Superstar David Bowie’s tragic death this month took me back to the 1969 Apollo 11 moon landing, the year I graduated from college and was launching my journalism and marketing career in Michigan. “Space Oddity” was released as a single in July, the same month that the American astronauts Neil Armstrong and Buzz Aldrin made history in space. As tributes poured in, it seemed appropriate that Bowie’s early worldwide hit reflected his amazing creative ability to chart new boundaries in music and performance art, just as the astronauts fearlessly took on space.
As I listened to and read eulogies to the Starman all week, it triggered the excitement again of standing in a newsroom in 1969 and watching the moon landing with my colleagues. Anything seemed possible. And what I didn’t know was that apparently Bowie became a lasting hero to many in the space program — and in 2013 Chris Hadfield, a Canadian astronaut asked Bowie to change the final lyrics to his famous song so that he could record a video in space. Bowie agreed. The video can be viewed on YouTube at https://www.youtube.com/watch?v=KaOC9danxNo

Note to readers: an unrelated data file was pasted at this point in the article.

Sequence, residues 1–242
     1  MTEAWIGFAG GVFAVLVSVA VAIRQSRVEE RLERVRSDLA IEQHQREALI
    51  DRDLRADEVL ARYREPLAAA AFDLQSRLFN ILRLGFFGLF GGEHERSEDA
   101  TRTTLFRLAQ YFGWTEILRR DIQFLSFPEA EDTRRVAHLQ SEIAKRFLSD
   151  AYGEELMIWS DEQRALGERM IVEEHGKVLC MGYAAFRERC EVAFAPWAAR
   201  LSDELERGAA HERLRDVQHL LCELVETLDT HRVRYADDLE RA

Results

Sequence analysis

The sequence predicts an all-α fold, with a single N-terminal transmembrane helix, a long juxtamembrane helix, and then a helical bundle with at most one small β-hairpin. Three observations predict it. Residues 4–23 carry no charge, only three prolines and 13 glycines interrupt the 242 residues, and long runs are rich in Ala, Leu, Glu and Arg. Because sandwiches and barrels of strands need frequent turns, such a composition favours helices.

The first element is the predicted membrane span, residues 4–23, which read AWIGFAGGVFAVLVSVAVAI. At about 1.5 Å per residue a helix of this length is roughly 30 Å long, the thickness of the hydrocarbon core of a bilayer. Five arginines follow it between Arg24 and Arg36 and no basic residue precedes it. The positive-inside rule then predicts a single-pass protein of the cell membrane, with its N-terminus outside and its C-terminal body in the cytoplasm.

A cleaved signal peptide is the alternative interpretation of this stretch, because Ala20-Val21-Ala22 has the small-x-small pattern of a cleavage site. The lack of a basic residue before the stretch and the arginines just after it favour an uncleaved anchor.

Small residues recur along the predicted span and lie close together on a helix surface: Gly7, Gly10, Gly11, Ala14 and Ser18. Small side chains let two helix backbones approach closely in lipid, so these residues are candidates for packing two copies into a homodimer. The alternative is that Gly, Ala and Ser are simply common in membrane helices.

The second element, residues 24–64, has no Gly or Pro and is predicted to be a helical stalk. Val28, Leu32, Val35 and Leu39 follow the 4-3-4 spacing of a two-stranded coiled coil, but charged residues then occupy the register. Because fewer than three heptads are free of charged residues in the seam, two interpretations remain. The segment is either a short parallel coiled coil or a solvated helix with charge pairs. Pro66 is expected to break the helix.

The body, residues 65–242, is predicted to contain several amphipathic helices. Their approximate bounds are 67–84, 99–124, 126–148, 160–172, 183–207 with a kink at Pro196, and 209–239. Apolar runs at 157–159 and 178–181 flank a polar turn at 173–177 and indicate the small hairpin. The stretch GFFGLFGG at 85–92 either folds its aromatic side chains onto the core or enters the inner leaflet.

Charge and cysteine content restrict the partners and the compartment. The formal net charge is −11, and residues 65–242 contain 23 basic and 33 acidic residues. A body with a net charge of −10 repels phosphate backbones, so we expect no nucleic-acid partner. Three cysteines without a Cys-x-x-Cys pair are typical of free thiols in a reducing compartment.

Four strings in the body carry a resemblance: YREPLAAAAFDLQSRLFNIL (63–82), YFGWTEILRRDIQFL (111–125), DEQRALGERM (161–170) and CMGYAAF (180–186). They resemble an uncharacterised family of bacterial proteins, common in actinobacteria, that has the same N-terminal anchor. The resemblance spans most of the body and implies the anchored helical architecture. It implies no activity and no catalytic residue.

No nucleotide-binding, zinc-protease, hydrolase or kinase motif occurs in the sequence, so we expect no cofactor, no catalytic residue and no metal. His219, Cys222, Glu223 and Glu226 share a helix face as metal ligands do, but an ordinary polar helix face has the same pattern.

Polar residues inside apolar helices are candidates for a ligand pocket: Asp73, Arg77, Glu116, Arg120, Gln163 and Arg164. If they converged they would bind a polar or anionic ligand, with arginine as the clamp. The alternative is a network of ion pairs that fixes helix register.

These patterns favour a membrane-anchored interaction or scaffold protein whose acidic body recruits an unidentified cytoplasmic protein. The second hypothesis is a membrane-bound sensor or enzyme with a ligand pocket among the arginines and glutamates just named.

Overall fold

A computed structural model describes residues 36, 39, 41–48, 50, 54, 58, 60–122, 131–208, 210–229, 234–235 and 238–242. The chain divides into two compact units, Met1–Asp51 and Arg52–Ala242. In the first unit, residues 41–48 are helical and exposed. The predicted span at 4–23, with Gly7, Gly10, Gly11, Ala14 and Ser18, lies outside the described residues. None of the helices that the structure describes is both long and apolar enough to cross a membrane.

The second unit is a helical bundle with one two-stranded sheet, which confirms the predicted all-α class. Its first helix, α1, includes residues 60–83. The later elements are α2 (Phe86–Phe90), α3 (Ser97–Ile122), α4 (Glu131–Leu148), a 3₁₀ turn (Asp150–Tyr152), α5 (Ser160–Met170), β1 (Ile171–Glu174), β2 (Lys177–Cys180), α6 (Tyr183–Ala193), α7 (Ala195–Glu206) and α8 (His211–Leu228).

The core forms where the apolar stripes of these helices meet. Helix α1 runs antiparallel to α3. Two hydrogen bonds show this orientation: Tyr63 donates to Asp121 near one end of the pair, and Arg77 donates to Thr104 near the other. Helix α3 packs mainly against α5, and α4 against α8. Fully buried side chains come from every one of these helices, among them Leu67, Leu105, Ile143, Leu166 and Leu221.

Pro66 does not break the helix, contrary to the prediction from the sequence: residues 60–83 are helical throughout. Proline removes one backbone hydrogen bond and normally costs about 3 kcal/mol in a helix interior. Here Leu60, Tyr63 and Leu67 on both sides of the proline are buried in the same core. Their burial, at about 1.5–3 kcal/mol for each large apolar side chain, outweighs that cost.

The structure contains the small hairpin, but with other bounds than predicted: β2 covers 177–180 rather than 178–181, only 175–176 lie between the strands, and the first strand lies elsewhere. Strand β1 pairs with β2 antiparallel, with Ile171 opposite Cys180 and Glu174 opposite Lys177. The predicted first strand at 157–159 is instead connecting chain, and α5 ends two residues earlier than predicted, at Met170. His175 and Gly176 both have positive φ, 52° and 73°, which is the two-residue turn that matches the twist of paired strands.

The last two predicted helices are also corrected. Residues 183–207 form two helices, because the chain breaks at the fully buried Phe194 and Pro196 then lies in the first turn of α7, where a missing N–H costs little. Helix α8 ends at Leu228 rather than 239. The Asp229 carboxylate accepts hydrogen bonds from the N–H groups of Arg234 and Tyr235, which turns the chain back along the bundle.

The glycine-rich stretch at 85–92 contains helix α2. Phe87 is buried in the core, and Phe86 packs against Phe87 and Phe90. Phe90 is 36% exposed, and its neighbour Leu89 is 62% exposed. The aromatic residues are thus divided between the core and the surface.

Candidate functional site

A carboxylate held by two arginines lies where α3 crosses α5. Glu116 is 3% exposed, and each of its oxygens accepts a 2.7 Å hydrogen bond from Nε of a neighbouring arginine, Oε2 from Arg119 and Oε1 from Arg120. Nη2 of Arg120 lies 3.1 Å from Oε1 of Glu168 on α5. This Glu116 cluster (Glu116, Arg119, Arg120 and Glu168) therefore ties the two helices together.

Finally, Bowie’s life is a reminder that we all can soar and change the world when we look into our hearts and act fearlessly. Above all, Bowie saw himself as a storyteller. For more insight, read the eulogy at Rolling Stone at http://www.rollingstone.com/music/news/david-bowie-dead-at-69-20160111#ixzz3xMRkBRdZ